Office of Undergraduate Education

Undergraduate Research

Council on Undergraduate Research

CUR Quarterly Journal Undergraduate Research Highlights

The Council on Undergraduate Research (CUR) publishes a quarterly journal that features undergraduate research highlights.

These "highlights" are brief descriptions of research published in peer-reviewed journals within the past six months.  All abstracts that are submitted are featured on their website, and a select few are chosen to be published in the journal.

The Office of Undergraduate Research handles the submission of abstracts for WSU students and faculty.  In addition to aforementioned requirements, to be eligible for submission, the research must have been co-authored with at least one undergraduate.
 
While submission is ongoing, the cut -off date for inclusion in the fall 2010 edition of CUR Quarterly is July 15. This is a firm deadline, any submissions received after this date will be held for the Winter edition.

To be considered for publication all submissions must include the following information, and MUST CONFORM TO THE FORMAT OF THE EXAMPLES BELOW.  Submit entries via email to David Clarke, University College communications assistant, at david.h.clarke@email.wsu.edu.

Items to include:

  • Title of the article and full journal citation (inclusive pages)
  • A brief description (3-5 lines) of the research and its significance
  • Title and department or program affiliation of the faculty member
  • A brief description of the student co-author(s).  Include the year of study in which the student(s) undertook the work, the opportunity through which the work was undertaken, (independent study project, summer project, REU program, senior thesis project, etc.), and the current status of the student (graduate school, employed, still enrolled, etc)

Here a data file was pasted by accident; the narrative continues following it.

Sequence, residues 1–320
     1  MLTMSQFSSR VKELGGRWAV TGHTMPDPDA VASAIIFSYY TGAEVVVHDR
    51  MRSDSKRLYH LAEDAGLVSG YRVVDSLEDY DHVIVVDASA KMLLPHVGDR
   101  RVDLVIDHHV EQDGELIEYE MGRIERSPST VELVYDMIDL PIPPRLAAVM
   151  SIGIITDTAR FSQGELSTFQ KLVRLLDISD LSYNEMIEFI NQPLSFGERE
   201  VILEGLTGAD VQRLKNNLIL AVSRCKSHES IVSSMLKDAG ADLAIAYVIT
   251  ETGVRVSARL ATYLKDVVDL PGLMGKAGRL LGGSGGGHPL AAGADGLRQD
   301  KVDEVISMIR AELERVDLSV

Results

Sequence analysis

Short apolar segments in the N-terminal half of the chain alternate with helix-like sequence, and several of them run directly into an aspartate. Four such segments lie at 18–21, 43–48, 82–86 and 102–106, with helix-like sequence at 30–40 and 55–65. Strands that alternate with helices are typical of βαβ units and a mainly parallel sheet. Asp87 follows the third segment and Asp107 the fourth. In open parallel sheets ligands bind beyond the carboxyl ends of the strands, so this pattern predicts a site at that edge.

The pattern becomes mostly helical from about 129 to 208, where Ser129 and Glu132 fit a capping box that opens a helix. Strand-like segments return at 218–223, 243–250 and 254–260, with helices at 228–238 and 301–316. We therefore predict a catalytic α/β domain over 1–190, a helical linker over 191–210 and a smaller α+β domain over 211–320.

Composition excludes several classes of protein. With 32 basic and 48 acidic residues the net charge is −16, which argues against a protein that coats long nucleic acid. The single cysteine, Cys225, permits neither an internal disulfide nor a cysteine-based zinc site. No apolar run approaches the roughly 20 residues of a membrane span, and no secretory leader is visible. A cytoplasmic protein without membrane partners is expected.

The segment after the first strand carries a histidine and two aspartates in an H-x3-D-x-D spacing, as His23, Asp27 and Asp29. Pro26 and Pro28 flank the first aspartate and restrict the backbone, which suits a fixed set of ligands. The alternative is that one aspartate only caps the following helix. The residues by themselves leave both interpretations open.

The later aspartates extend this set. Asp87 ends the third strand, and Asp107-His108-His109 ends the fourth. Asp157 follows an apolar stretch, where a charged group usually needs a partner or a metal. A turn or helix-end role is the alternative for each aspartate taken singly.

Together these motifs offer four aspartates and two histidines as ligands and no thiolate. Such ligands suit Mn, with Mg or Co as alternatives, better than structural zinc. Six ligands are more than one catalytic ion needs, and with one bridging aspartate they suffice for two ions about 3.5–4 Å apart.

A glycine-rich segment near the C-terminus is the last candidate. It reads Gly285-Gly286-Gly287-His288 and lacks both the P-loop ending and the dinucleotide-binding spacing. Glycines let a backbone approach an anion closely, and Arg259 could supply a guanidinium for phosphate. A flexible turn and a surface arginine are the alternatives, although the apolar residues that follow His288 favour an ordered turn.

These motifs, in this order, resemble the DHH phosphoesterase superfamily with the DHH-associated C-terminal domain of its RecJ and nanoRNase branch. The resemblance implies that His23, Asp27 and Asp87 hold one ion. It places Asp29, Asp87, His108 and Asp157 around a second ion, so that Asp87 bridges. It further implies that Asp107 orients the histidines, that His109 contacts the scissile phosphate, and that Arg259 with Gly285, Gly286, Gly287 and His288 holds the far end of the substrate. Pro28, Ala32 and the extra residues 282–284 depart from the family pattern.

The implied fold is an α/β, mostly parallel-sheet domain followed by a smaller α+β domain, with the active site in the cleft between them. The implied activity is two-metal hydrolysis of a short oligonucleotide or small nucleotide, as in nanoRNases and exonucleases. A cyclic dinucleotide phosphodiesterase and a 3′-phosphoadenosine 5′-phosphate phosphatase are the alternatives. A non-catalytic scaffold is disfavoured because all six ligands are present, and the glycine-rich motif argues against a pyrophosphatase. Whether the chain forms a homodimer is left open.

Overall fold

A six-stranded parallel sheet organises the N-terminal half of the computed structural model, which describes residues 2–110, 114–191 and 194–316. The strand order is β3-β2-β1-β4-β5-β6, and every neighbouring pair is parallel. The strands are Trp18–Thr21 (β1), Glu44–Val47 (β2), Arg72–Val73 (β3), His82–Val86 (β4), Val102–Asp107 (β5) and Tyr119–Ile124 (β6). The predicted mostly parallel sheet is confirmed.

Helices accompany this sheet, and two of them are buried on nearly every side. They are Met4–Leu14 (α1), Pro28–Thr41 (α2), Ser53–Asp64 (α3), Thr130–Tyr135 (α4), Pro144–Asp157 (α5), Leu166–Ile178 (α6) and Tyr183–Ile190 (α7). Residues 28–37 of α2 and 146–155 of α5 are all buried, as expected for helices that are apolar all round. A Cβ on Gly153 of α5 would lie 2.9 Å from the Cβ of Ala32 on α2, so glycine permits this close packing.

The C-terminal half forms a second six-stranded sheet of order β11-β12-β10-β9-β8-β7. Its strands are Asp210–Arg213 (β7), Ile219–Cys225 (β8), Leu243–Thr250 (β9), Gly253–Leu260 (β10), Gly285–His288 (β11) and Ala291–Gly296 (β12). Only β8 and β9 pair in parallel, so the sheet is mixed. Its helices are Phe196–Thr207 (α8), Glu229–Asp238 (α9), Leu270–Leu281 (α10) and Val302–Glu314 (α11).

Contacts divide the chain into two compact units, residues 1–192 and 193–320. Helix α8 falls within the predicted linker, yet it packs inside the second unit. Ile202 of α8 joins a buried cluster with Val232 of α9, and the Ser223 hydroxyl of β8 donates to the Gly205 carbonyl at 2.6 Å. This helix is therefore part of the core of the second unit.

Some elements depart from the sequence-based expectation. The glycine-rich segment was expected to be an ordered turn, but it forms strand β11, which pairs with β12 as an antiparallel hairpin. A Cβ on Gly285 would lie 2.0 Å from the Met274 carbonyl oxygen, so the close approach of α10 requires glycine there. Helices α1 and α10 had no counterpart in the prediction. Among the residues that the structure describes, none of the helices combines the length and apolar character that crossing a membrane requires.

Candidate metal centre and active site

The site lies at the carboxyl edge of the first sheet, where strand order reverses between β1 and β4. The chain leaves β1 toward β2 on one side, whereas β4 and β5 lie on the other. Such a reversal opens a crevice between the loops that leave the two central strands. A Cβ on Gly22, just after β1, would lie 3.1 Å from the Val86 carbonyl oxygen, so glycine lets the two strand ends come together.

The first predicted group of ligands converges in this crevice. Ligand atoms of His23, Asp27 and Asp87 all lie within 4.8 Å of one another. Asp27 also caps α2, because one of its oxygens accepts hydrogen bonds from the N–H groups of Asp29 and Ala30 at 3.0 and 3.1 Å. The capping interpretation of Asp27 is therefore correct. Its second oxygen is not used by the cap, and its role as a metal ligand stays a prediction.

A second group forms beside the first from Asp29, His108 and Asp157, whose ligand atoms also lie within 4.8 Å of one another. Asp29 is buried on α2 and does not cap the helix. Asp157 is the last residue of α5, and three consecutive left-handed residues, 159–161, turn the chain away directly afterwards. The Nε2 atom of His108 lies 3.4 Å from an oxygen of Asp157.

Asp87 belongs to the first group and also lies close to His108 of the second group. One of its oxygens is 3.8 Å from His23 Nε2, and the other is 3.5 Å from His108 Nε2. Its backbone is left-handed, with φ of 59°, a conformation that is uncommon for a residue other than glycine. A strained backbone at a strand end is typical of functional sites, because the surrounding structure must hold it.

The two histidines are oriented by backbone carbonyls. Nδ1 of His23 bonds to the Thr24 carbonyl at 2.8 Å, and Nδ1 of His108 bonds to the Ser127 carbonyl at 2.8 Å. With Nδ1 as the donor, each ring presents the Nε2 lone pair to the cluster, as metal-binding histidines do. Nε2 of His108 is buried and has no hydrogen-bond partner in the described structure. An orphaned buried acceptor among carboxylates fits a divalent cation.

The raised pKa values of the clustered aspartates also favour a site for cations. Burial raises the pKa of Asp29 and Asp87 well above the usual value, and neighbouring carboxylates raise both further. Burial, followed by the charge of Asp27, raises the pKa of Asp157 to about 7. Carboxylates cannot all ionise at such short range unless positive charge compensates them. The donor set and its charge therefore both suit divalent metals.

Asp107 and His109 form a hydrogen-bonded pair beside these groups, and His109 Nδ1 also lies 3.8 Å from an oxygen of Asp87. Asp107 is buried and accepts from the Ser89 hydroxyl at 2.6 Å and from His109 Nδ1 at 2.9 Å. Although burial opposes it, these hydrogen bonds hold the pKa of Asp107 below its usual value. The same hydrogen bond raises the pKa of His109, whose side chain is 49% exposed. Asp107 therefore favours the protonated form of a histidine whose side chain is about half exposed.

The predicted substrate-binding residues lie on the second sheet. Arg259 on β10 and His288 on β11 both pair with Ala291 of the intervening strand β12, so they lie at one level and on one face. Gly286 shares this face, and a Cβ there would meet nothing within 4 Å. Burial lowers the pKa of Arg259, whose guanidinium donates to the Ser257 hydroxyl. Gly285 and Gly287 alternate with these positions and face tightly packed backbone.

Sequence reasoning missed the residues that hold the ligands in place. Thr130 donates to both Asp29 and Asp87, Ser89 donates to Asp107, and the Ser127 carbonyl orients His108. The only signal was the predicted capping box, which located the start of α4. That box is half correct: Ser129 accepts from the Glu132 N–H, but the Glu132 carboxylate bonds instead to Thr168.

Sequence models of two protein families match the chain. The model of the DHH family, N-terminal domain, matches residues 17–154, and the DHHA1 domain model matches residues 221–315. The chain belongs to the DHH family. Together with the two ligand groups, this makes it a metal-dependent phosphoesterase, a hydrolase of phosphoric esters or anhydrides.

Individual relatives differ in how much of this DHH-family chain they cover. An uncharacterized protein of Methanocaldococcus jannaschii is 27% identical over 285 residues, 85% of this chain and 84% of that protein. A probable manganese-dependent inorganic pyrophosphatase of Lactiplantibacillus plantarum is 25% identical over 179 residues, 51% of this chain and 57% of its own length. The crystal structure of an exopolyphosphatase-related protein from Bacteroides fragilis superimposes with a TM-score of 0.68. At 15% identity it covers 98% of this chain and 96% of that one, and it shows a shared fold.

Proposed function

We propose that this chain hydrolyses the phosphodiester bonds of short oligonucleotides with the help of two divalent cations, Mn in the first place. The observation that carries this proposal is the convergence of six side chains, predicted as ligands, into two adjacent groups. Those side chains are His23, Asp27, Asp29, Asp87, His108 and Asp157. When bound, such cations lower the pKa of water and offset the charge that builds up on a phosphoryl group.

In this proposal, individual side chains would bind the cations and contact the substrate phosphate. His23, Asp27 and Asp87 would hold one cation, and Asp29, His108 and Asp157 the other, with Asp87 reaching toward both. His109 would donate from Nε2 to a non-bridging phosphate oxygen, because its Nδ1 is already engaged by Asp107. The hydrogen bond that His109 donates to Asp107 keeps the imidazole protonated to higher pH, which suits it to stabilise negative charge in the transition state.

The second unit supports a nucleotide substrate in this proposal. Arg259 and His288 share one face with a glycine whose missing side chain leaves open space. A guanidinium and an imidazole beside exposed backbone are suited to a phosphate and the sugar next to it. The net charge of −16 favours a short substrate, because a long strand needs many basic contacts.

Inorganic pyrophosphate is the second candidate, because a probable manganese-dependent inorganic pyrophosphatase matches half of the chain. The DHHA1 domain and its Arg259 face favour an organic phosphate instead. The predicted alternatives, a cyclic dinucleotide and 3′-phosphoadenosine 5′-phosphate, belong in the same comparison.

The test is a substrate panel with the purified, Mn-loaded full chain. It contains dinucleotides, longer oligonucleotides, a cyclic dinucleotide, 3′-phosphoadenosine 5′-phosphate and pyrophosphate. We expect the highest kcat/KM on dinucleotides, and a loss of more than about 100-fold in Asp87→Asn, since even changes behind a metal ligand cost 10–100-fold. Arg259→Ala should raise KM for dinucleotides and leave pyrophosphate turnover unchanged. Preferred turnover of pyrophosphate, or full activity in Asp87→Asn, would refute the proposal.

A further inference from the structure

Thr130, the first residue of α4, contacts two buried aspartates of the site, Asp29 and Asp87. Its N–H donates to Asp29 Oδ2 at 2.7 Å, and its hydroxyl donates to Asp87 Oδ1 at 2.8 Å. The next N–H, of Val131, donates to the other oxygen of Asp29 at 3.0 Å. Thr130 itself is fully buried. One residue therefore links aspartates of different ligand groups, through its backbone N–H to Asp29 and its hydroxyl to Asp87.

• The source of funding for the work
  • The doi number, if available
Example, from CUR:

Parker JS, Stewart GS, Gantt C. Research and intervention with adolescents exposed to domestic violence. Fam Ther. 2006;33:45-52. (University of South Carolina Upstate)

The present study examined characteristics of adolescents exposed to domestic violence and tested a group intervention protocol utilizing expressive writing (EW) as a coping method for this population. The experimental group used "Positive Points", a list of personal strengths, in the writing intervention based on the hypothesis that their use would increase cognitive insight and positive word usage. A significant group effect was found and all participants demonstrated positive overall emotional change as a result of EW. Jennifer Parker is an assistant professor of psychology. Gina Stewart and Courtney Gantt, both senior psychology majors, participated in the research for independent study credit. The research was supported by a USC Scholarly Research and Development Award and a mini grant from the USC Upstate Center for Undergraduate Research, which was awarded to Gina. Gina is currently in a doctoral program in psychology at the University of Mississippi. Courtney is employed and in the process of applying to graduate programs.

Example, from WSU (publisherd in CUR, Spring 2010):

Velasco E, Pressley S, Grivicke R, Allwine E, Coons T, Foster W, Jobson T, Westberg H, Ramos R, Hernandez F, Molii LT, Lamb B.  Eddy covariance flux measurements of pollutant gases in urban Mexico City. Atmospheric Chemistry Physics 9:7325-7342 (2009)

The Laboratory for Atmospheric Research (LAR) participated in an international field campaign called MILAGRO - Megacity Initiative: Local and Global Research Observations. The MILAGRO campaign was aimed at understanding urban air pollution, including aerosol formation and transport and chemistry of the pollutants downwind of the city. Brian Lamb is a WSU Regents Professor and faculty in the Department of Civil and Environmental Engineering.  Teresa Coons performed this work during the academic year and summer 2006. She worked in this department over several years during the academic years, and also during the summer of 2007. Both summers were part of LAR's summer research program. Teresa is currently working towards an MS at Colorado State University. Funding for the work comes from the National Science Foundation.


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